What happens when you get a charitable wild hair and start handing out $20 bills to strangers?
Sometimes, it turns out, you get shot.
At a Waffle House Sunday night in Gainseville, Florida, the joint was hoppin’.
In fact, it was so packed, police were on their way: Someone’d called the popo, sayin’ the place was reaching its maximum capacity.
41-year-old Craig Brewer was one of those packin’ the place like a can of sardines, and for some reason, he began passing out Andrew Jacksons to patrons.
Wow — Elvis style.
But then something went horribly wrong: Ezekiel Hicks got all shook up because no dough was handed to his female companions. Soon, the 25-year-old was in a confrontation with Craig. The entire ordeal was caught on video.
Also captured: Ezekiel leaving the restaurant momentarily and returning with a 9mm pistol.
The police…as previously mentioned…were on their way. But they were too late to prevent an atrocity.
According to the Alachua County Sheriff’s Office, in an altercation that “lasted only seconds,” Ezekiel fired at Craig. The bullet struck the generous man in the head, killing him.
A 911 call summarized the incident thusly:
“A dude in a big shirt, a really big dude in a green shirt came in, shot some dude in the head and ran away.”
The cops arrived in time to arrest Ezekiel in the parking lot.
He’s being held without bail, charged with first-degree murder.
Sheriff’s Dept. Spokesman Lt. Brett Rhodenizer told ABC New that officers are torn up — they were almost on the scene to prevent the killing:
“They feel like they were so close and just far enough away to where they couldn’t change the outcome.”
He also said the escalation was shockingly swift:
“The speed at which it happened and how quickly it went so bad — for both the victim and the suspect — is really kind of the thing that resonates the most with a lot of the folks that have been a part of the investigation.”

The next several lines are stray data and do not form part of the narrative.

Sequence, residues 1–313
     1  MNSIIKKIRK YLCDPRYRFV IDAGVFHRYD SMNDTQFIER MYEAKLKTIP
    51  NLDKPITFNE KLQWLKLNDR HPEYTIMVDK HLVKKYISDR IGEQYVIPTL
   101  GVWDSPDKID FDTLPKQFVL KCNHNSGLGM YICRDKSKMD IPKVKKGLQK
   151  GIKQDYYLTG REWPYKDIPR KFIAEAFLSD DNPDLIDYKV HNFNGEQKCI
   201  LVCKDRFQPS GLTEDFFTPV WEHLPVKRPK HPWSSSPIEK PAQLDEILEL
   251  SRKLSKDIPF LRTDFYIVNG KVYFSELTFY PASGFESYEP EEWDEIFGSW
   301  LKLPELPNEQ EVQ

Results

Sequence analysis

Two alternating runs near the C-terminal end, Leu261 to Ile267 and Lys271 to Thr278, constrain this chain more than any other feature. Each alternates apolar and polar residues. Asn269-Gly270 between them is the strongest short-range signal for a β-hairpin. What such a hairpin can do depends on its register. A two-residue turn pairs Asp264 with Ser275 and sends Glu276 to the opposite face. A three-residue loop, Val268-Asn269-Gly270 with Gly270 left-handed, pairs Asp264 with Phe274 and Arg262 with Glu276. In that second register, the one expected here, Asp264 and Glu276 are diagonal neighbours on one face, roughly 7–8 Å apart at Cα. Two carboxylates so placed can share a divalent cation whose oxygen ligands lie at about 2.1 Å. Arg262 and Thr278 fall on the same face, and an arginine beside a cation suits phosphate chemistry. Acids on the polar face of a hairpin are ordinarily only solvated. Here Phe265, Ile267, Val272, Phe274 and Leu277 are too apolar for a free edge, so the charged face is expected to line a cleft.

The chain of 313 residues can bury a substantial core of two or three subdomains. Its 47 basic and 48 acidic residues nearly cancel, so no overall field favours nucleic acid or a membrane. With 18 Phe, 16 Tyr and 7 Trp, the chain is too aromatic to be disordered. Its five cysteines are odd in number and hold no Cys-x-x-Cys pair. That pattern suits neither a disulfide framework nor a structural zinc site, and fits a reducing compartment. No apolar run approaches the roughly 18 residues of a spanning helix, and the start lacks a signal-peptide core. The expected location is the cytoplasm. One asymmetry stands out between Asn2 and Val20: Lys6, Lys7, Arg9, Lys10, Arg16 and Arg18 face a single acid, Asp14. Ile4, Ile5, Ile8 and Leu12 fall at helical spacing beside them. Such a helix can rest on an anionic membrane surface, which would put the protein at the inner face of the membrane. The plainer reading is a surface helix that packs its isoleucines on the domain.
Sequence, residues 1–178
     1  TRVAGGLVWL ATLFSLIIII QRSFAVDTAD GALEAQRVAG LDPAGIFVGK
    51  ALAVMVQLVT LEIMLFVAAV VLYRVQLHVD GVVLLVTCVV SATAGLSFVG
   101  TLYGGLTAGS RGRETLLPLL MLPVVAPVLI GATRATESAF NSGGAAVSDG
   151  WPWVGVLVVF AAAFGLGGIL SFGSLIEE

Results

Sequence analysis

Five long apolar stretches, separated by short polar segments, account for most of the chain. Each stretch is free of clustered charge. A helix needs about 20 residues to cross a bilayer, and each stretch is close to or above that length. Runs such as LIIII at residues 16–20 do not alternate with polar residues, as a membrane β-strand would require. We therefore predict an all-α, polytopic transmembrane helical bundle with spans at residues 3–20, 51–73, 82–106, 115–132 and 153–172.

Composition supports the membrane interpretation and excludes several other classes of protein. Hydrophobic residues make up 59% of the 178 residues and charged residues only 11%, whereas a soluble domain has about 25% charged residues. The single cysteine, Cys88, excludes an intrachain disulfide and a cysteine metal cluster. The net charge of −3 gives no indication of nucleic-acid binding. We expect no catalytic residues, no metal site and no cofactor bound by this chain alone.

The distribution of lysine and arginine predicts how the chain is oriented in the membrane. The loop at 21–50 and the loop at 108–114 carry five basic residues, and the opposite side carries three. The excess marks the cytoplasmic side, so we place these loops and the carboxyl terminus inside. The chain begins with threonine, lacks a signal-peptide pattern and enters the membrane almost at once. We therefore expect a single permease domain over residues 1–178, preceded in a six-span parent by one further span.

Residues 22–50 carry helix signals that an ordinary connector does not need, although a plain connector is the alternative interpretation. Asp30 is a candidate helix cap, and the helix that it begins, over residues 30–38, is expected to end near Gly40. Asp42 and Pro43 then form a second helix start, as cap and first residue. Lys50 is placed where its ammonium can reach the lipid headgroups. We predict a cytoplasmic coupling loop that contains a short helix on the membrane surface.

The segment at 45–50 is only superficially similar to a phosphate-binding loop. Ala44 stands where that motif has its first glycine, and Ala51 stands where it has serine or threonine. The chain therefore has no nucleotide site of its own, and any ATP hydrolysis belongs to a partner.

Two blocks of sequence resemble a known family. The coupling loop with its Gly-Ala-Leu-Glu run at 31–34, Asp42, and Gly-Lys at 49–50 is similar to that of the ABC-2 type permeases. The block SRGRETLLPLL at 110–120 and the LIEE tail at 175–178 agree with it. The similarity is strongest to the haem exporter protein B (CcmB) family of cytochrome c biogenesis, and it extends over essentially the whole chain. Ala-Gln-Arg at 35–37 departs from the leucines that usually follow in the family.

It’s yet to be determined whether Ezekiel and Craig had some sort of shared past.
“The why of this case will persist for days and weeks as we conduct follow-up interviews, but the how is incredibly straightforward. Out of all the investigations that I’ve seen, very seldom do you have an incident from start to finish on video that ends in a murder.”
Daily headlines serve to remind us: We never know what day will be our last. And we’re unlikely to anticipate great tragedy. You have, I’m sure — as have I — been made aware of this reality through the tragedy of friends and family, if by not personal experience.
For Craig Brewer, his life’s end came at a moment of apparent elation.
At a time in our country when atheism is our largest religion, it seems to me that many of us would do well to take stock our lives and consider what is most important (here, here, and here). Hopefully — if you subscribe to a personal faith — as a result of that introspection, for each of us, happiness at the end will give way to the joy of a new beginning.
Find all my RedState work here.
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